The Fresh Loaf

News & Information for Amateur Bakers and Artisan Bread Enthusiasts

Recipe for grease to separate bread dough from baking pan

CountryBoy's picture
CountryBoy

Recipe for grease to separate bread dough from baking pan

What do you use to separate your bread dough from the baking pan.

I mix lecithin and Canola oil and the bread pops right out.

But my French baker has a secret mix for grease to separate dough from pan. He puts eggs and some other things in the Crisco like mixture.

Do you happen to know what that special mixture is?

Thanks.

deblacksmith's picture
deblacksmith

I use a mix of approx. 50 percent Crisco and 50 percent flour.  Works for me, and better that the commerical spray on bake release I have tried.

suave's picture
suave

Adding some vegetable oil to it makes it softer and easier to brush on pans. 

deblacksmith's picture
deblacksmith

I used to add vegetable oil, 1/3, 1/3, 1/3 and this works great too.  But now I don't brush on, just use my fingers.  One less thing to wash - but of course you have to wash your hand.  My wife used to do something similar, she would coat the pan with Crisco and the dust flour on it.  This works too.   The flour really helps and seem to hold the release on the sides of the loaf pan as you bake.

Some folks like to use rice flour rather than wheat flour but for me that is something extra to get out.  (I do like rice flour for breading fish and meats for frying,)

CountryBoy's picture
CountryBoy

 

That is 1/3, oil, 1/3, flour, and 1/3 Crisco?

Thanks.

 

deblacksmith's picture
deblacksmith

And just close - no precission required.  What looks or feels right.  I would mix a batch and keep in the fridge - keeps well that way.

CountryBoy's picture
CountryBoy

Many thanks. 

Up until this time I have used lecithin and vegetable oil, but using Crisco will be a lot easier to get hold of.

I wonder if it really needs to be kept in the refrigerator?

Thanks. 

deblacksmith's picture
deblacksmith

There is really no need to keep a mix of Crisco and flour in the fridge.  I did when I use the Crisco, oil, flour mix.  Just on the safe side of longer shelf life of oil.  We keep Crisco at room temperature and of course flour too.  We use Crisco for other baking too - Carol likes it for pie crust.  Smucker's was able to take the trans-fat out of Crisco a few years back. (Crisco came from France after WW I to replace lard.  For many years it was a P&G product, then they sold it to JM Smucker's - who knew how to remove the trans-fat before they bought the brand, something P&G didn't know how to do.  This I have from a P&G research chemist I was in a class with at John C Campbell Folk School.)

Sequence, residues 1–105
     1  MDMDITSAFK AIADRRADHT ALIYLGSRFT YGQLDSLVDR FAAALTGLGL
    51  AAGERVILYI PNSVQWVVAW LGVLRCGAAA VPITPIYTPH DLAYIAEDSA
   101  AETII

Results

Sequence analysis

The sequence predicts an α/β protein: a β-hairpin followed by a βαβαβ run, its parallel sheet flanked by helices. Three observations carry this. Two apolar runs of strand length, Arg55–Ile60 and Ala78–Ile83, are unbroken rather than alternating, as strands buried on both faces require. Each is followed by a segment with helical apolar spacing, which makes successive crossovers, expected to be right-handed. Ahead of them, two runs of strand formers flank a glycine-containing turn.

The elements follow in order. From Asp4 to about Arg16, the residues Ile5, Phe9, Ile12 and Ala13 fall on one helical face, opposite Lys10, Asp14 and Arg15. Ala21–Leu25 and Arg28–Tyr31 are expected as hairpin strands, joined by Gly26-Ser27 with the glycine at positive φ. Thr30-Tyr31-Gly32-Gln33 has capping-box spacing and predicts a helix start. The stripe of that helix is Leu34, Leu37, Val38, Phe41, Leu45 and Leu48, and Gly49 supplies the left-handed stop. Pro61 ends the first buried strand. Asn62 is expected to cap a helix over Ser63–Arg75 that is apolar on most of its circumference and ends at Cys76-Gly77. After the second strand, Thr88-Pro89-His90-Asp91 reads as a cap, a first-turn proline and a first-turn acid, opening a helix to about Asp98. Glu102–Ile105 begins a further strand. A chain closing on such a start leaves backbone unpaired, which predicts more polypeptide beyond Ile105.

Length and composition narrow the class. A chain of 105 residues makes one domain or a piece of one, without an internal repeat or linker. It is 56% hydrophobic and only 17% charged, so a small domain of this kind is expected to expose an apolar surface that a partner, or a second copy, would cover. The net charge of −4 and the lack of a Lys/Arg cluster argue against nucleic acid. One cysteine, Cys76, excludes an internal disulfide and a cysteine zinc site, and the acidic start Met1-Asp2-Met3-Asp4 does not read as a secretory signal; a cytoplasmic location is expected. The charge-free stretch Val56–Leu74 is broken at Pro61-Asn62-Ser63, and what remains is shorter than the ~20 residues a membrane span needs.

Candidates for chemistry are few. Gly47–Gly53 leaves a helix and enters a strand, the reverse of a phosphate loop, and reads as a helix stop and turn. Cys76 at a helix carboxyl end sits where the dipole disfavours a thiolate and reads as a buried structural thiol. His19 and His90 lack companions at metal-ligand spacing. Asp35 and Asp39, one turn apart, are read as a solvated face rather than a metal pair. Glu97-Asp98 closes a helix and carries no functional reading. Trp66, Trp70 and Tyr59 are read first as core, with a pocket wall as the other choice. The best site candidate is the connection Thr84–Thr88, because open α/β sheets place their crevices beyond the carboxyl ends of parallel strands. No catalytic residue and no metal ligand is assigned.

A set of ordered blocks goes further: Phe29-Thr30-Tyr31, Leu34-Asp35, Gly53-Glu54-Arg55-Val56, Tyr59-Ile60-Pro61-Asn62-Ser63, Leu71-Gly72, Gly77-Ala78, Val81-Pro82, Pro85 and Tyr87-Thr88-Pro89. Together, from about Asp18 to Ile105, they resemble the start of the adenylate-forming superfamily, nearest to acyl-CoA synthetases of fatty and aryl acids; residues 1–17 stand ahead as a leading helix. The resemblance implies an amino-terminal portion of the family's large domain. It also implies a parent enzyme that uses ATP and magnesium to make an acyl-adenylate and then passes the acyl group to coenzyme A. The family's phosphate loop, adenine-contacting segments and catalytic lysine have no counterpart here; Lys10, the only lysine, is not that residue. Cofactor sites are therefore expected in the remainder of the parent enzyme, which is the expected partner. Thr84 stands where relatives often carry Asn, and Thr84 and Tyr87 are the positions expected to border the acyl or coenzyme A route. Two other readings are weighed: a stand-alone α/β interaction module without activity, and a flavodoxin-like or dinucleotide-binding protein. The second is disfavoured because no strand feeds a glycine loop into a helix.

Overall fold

CountryBoy's picture
CountryBoy

Wow! Sounds like you know your Crisco!

And yet into the mixture my French baker says he adds egg; I wonder why..oh well.

Thanks.

CountryBoy's picture
CountryBoy

Many thanks; I will try that.

I believe my French baker added an egg to it. His mixture looks very like as if with out flour, but maybe I will combine all 3.

Thanks.

 

 

CountryBoy's picture
CountryBoy

Many thanks; I will try that.

I believe my French baker added an egg to it. His mixture looks very like as if with out flour, but maybe I will combine all 3.

Thanks.

 

 

CountryBoy's picture
CountryBoy

Most grateful for the advice people have offered.

FlyinAggie's picture
FlyinAggie

I live in hot, humid Florida, and Crisco goes bad for me if not kept refrigerated.  If you're a southern  baker, you might want to "keep your cool".  I want to thank those of you who recommended the KD 8000 scale to me.  I finally got one, and it is really, really nice!  Reasonable price, too!  I was not surprised to find that my flour was quite heavy after recent rains, even though I keep it in a tightly sealed canister.  It probably came home from the store heavy.

clazar123's picture
clazar123

I mix about 1/4 c oil and about a healthy teaspoon or two of liquid lecithin in a 1/2 pint canning jar. I keep it in the cupboard. I also keep a cheap chipbrush in a plastic bag next to the jar to use as an applicator, so no greasy fingers.I only make enough to go through in about 6 months so it never has a chance to get old. When I make a new batch, I wash out the container and brush and start over.

I usually use oatmeal flakes as a pan release after brushing on the oil/lecithin. It goes well with most of the breads I make but the oats scattered on the pan around a boule tend to burn easily so I brush them away. It is not a problem in a panned loaf.

CountryBoy's picture
CountryBoy

Well that is one way to do it but it is always a hassle getting hold of lecithin; not easy to come by hereabouts.

Crisco a bit easier.

MichaelH's picture
MichaelH

PAM